Assume a full blender creates two meal shakes; that's how I approach this. Dump in a half can of coconut milk (love that fat!). A couple of tablespoons of almond butter follows, then a handful of unsweetened coconut flakes, some Fiberlyze (from Species Nutrition), four scoops of whey protein (I use vanilla, haven't used chocolate with kale yet), filtered water, a handful of strawberries, blueberries in season, a cored apple, sometimes a carrot. Oh yeah, and a hell of a lot of kale! Cut the kale from the stems, build a pyramid of it, use a ton, as the blender will bring it down to size.

Sure, your shake is bright green. Your insides, your digestive system, your muscles, your body will be happy as hell. Maybe people will ask you "what's in your shake?" too.


My No-Fat in Coffee Experiment is Over!

I lasted three weeks drinking black coffee (no coconut oil, no MCT oil, no grass-fed butter). My intention was to sustain a full month, but I couldn’t do it!

My little trial was to see if the significant amount of saturated fat I was consuming in my daily coffee was affecting my bodyfat levels. As best I could, I made no other dietary changes these three weeks. Kept my red wine habit going, plenty of protein and vegetables, starch around workouts, etc.

I’m telling you, my taste buds are angry and want the three weeks back. My Peet’s coffee had less flavor, less body. Every cup was flat, and I didn’t enjoy my coffee like I want to.

One long day last weekend I was out of town, at a CrossFit competition, with only Quest and Rx bars to get me through the day. My breakfast was bacon and eggs, so my saturated fat quota began well, but with no meals prepared for the trip, I envisioned a no-fat 12-14 hours ahead of me. I neglected to bring MCT or coconut oil on the drive; blame my early morning start.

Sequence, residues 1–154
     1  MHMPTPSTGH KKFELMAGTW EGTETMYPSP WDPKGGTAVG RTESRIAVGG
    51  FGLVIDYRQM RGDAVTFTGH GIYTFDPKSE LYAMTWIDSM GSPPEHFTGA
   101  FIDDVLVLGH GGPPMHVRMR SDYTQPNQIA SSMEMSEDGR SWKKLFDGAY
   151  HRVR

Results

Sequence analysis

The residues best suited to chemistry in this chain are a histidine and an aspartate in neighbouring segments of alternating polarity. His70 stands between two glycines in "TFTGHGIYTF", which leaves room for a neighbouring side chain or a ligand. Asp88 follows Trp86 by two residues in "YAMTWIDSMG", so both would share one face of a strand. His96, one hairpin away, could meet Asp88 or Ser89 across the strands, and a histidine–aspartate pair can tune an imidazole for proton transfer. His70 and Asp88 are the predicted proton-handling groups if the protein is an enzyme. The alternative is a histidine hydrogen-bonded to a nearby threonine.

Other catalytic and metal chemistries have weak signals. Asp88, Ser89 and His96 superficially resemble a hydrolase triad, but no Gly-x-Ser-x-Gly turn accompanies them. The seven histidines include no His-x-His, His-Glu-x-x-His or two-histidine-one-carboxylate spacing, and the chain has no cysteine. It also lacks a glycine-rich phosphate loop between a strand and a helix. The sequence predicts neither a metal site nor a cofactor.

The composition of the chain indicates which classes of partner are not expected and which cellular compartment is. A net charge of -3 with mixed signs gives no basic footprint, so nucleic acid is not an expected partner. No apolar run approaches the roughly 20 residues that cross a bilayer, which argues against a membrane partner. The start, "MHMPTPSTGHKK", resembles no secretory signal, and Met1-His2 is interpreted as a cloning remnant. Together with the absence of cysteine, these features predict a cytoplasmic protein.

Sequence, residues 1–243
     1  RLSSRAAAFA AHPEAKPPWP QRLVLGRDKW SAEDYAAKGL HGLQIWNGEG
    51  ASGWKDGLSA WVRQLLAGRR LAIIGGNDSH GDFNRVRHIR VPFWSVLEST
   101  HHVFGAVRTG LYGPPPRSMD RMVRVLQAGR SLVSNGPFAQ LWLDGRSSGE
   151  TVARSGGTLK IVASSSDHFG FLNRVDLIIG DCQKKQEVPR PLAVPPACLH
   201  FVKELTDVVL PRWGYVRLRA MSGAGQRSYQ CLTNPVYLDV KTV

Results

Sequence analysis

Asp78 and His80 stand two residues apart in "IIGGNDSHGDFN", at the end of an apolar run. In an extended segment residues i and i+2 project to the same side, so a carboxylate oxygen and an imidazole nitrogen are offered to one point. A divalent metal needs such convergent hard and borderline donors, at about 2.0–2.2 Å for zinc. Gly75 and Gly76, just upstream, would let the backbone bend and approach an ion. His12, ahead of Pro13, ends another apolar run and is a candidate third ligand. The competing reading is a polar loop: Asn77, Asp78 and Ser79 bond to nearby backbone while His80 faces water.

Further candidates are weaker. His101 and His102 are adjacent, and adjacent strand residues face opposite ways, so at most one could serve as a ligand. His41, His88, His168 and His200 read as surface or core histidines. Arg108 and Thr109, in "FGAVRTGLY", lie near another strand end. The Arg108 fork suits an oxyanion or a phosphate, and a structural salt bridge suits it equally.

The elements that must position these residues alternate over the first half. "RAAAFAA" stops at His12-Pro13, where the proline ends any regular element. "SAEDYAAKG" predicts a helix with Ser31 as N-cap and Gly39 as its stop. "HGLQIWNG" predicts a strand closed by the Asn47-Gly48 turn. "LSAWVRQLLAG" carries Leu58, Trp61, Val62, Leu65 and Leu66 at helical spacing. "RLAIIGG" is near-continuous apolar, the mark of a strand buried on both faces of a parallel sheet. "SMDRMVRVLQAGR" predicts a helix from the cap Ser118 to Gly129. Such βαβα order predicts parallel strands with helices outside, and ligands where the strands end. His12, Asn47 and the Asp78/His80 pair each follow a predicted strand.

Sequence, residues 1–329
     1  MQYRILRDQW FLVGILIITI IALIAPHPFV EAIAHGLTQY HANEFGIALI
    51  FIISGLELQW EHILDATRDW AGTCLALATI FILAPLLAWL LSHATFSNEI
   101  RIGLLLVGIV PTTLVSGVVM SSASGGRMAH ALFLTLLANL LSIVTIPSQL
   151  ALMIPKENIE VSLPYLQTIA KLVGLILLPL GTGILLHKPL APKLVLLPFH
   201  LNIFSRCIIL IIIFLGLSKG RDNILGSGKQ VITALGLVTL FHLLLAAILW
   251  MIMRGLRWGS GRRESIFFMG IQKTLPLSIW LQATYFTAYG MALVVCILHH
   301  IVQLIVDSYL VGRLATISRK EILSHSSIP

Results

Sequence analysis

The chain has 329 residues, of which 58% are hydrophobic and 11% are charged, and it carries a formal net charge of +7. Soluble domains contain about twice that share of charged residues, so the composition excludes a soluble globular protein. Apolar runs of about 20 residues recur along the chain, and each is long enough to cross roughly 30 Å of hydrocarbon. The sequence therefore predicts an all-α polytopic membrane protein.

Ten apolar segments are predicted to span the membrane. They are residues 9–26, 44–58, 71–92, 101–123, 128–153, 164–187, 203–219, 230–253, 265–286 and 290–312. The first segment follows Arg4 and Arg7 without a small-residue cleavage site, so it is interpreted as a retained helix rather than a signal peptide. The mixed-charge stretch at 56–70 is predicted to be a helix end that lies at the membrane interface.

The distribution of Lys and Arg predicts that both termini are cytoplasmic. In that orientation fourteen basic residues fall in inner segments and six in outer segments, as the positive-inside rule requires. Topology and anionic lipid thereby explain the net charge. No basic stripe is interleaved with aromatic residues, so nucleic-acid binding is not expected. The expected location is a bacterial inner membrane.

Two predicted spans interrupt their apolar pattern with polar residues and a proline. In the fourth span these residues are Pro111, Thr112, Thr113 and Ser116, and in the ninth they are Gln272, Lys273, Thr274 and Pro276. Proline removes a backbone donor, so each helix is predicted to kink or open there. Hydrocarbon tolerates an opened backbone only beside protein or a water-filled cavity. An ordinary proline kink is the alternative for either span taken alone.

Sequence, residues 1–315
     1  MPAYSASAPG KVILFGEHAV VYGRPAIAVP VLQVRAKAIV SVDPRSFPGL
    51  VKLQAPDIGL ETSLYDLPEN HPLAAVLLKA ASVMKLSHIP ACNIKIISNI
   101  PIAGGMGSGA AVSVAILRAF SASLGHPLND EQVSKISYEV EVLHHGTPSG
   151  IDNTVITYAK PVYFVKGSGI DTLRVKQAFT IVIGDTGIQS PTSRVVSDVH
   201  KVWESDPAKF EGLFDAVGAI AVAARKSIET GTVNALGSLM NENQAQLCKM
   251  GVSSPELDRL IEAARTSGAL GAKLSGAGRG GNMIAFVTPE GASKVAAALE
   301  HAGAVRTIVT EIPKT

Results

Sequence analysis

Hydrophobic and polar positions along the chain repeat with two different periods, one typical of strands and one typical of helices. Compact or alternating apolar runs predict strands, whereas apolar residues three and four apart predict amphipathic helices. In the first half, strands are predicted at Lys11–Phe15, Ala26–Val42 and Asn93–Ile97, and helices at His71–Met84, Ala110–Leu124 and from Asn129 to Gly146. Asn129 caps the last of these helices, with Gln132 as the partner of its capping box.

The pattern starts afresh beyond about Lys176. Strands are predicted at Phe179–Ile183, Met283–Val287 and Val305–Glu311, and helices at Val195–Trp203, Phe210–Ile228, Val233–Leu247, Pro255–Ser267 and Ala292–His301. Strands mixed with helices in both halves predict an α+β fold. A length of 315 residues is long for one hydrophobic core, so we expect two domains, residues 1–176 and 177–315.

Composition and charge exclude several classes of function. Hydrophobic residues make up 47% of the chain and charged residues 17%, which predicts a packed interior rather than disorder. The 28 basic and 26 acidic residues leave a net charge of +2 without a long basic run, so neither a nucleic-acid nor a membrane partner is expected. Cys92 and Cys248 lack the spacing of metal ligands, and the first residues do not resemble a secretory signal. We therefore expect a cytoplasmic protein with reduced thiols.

So I fired up the Starbucks app on my iPhone, located coffee on the route and near my destination, and got back into the fat! Remember, Starbucks uses wonderful, grass-fed Kerry Gold Irish butter. Each Grande Americano I drank had two pats of butter added.

Oh, these coffees tasted wonderful. Smooth and creamy, full of flavor - just as I remembered. The saturated fat in my coffee throughout the day helped get me through a long event, and the 2 1/2 hour drive each way.

So just how much saturated fat did I cut out of my life for three weeks? My MCT oil has 14.2 grams of fat in a tablespoon (128 calories). Kerry Gold butter has 100 calories, 12 grams of fat, in a tablespoon. I’d estimate that in my half dozen or so 12-16 oz cups of coffee or Americano each day, I added 1 to 1 1/2 tablespoons of butter (at Starbucks it’s only butter; at home it’s butter and MCT oil). 

I’m pretty careful with how much MCT oil I add; the stuff is expensive. In an average day it’s only a tablespoon total; on a weekend it can be a bit more as I’m drinking all my coffee at home.